Tokyo prosecutors Dec. 3 arrested a former president of discount retailer Don Quijote Holdings Co. on suspicion of insider trading.

The recipient of his largesse, a pachinko parlor operator, is alleged to have netted a quick profit of 60 million yen ($575,000) from the information.

Prosecutors contend that Koji Ohara, 57, urged his friend to buy stocks in Don Quijote Holdings Co. ahead of a tender offer by leading retailer FamilyMart Uny Holdings Co. in 2018, according to sources.

Ohara was accused of violating the Financial Instruments and Exchange Law.

Prosecutors did not divulge whether Ohara had admitted to any wrongdoing, but during earlier voluntary questioning he denied the allegation.

On Oct. 11, 2018, FamilyMart Uny Holdings, now FamilyMart Co., announced the takeover move, setting an upper limit of a 20.17-percent stake in Don Quijote Holdings, now called Pan Pacific International Holdings Corp.

Shares of the Uny Co. supermarket chain were to be sold to Don Quijote Holdings to make it a wholly owned subsidiary.

According to prosecutors, Ohara must have been aware of the takeover bid in early August 2018, given his position in the company. They suspect he urged his friend in September to buy stocks in Don Quijote Holdings Co. and thereby reap a handsome profit.

The acquaintance purchased 76,500 shares for about 430 million yen by early October, the sources said. The man sold the shares after the stock price rose due to the takeover bid announcement and walked away with a 60-million-yen windfall.

“I did not recommend it after I learned of the takeover bid,” Ohara said during questioning before he was arrested.

His friend told prosecutors he bought the shares because Ohara said it would prove beneficial.

Ohara became president of the company in 2013 and chief executive officer in 2015. He resigned from both positions in September 2019.

Insider trading has been regulated since 1989. Company employees, their associates and acquaintances could be found guilty of insider trading if they acted on “important facts,” such as business alliances or account settlement information, to trade stocks before an official announcement was made. It only applied to those who traded stocks.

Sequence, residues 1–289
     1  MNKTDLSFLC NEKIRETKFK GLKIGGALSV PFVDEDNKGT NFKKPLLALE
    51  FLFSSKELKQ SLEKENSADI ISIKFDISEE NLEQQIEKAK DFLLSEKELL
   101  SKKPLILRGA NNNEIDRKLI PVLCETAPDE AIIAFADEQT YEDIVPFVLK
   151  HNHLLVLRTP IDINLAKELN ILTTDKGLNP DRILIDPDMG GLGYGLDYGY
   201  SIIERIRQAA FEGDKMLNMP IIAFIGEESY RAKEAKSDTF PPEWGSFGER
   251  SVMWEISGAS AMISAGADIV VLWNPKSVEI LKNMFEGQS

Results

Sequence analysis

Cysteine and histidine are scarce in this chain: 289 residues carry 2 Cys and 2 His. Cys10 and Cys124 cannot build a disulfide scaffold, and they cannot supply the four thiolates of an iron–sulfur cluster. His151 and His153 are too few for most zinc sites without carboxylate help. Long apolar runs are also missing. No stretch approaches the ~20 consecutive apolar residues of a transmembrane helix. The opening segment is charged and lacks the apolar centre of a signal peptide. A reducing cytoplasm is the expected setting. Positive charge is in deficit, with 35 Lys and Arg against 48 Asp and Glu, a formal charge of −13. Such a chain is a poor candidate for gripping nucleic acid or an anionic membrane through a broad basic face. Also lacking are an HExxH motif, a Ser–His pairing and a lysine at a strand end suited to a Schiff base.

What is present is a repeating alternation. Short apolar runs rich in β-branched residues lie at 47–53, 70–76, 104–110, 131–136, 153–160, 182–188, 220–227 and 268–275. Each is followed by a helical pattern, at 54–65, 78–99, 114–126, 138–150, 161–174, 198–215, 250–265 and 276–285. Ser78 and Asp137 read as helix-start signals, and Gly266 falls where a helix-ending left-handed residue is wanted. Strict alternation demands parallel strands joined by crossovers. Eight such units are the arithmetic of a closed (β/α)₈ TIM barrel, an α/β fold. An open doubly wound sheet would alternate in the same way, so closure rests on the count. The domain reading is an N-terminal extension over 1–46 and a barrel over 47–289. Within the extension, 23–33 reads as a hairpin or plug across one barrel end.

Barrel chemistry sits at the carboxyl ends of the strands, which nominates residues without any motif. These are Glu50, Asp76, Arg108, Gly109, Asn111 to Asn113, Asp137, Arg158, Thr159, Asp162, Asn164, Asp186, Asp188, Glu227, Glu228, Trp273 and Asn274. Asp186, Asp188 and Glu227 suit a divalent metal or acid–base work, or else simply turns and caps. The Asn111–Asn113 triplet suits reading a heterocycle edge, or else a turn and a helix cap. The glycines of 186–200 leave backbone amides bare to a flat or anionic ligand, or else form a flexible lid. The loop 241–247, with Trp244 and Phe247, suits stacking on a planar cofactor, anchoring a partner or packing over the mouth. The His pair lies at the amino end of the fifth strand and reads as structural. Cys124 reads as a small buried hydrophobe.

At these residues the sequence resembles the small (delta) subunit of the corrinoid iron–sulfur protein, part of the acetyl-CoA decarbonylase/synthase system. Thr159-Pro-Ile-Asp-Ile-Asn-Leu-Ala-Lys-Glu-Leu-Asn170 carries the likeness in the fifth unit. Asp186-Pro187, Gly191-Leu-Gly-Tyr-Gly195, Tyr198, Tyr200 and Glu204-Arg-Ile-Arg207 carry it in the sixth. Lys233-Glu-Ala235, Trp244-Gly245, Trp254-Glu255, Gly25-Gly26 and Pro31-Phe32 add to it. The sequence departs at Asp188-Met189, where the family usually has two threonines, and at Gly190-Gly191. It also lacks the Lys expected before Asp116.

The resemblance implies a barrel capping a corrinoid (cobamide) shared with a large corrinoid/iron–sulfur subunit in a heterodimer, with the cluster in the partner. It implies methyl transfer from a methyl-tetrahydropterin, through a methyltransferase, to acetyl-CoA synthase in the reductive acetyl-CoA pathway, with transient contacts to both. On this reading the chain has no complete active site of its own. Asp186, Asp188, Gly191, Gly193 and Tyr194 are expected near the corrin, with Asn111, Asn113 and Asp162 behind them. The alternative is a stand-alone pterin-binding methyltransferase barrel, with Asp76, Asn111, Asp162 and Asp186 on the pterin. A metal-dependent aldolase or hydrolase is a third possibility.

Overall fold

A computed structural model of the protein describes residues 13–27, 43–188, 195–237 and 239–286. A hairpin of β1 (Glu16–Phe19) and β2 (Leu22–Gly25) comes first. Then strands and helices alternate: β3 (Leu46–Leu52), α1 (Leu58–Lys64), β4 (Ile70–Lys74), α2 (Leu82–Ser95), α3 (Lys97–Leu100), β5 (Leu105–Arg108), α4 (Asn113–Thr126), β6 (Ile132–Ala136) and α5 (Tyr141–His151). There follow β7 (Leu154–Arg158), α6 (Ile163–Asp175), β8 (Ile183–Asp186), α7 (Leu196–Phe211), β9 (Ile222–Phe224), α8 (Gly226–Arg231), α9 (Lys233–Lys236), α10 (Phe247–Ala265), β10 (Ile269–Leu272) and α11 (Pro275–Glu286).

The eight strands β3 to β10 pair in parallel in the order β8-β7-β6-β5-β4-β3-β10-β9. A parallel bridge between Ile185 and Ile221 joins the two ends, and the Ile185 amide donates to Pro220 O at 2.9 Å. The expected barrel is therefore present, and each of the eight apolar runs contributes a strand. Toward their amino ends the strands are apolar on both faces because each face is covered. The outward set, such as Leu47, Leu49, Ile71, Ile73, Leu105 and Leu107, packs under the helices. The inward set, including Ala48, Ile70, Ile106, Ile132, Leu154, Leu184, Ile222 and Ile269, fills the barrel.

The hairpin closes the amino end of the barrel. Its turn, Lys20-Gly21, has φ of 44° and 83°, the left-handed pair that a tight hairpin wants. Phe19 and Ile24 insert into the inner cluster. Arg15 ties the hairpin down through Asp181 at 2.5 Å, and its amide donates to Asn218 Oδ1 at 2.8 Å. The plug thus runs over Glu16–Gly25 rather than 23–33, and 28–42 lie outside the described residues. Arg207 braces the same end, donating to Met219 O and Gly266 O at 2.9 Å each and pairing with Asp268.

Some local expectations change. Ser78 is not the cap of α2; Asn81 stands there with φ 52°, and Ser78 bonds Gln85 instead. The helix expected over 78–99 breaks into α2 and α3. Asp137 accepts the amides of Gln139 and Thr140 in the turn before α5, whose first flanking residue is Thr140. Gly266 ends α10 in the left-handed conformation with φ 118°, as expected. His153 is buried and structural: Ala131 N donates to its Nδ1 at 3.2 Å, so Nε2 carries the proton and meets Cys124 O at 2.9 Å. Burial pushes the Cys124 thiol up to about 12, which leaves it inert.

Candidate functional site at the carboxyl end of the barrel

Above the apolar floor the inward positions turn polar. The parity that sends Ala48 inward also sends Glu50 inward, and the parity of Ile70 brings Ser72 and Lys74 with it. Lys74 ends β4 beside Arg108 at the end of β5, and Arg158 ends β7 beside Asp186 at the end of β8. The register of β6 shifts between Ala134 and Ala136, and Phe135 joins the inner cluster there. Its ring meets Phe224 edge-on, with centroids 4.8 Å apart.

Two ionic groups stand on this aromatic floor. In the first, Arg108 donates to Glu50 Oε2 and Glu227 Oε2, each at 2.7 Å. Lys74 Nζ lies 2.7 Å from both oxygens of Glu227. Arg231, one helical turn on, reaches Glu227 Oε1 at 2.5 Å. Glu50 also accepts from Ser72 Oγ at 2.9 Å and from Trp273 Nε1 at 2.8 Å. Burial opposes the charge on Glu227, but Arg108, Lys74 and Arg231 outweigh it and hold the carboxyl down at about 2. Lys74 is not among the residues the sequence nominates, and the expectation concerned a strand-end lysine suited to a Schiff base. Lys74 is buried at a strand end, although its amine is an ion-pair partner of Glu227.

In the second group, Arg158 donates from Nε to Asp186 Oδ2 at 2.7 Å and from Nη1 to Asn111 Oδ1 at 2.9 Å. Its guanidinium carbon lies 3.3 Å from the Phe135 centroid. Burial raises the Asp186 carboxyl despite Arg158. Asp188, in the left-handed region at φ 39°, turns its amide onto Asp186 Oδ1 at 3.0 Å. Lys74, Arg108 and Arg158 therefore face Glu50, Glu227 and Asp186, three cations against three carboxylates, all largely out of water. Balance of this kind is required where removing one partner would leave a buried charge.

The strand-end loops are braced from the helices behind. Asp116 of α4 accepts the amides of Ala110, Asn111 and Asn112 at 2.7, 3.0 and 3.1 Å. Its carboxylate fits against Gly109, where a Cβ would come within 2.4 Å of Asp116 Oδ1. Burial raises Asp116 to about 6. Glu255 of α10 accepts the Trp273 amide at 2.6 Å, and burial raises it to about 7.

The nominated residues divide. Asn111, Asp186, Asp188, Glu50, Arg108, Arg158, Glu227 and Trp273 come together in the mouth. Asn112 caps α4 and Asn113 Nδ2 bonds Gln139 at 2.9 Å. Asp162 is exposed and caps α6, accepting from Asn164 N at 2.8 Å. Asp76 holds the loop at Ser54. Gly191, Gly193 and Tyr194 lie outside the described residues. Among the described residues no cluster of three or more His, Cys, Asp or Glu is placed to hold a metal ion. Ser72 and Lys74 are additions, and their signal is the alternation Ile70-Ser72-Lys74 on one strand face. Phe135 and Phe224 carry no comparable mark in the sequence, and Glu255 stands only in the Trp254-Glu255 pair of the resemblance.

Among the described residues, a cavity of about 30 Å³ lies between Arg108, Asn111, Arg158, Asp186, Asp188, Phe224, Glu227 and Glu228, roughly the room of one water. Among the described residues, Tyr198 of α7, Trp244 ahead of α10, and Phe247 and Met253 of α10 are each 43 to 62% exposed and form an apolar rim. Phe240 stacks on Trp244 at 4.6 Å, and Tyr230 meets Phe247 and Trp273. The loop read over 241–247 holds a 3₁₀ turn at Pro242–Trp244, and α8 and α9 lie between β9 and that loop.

Insider trading became an explosive issue in 2012 after it emerged that some employees of leading securities companies had divulged information, such as a listed company's plans to sell new shares, to institutional investors. 

In 2014, the Financial Instruments and Exchange Law was revised to also regulate people who conveyed company secrets. As a result, it became illegal not only to convey important information but also to urge others to trade certain stocks without conveying important information to them.

But in the latter case, those who traded stocks without having prior knowledge of sensitive company information are not subject to criminal punishment.

By fiscal 2019, the Securities and Exchange Surveillance Commission said there were 33 cases in which it filed a criminal complaint or handed down financial penalties to those who engaged in insider trading or urged others to act based on inside information. Of the 33 cases, nine fell into the latter category.

On the other hand, the commission looked into nine listed companies among those whose employees were admonished by it in fiscal 2019 because of insider trading, leaks of important information and recommendations for trading without explaining the reason.

It found that none of the companies prohibited employees from urging others to trade without explaining the reason.

“What securities firm sales reps had taken for granted was suddenly regulated,” a senior prosecutor said.

The case against Ohara “will more widely convey the regulations governing insider trading,” the official said.

(This article was written by Kazufumi Kaneko and Kae Kawashima.)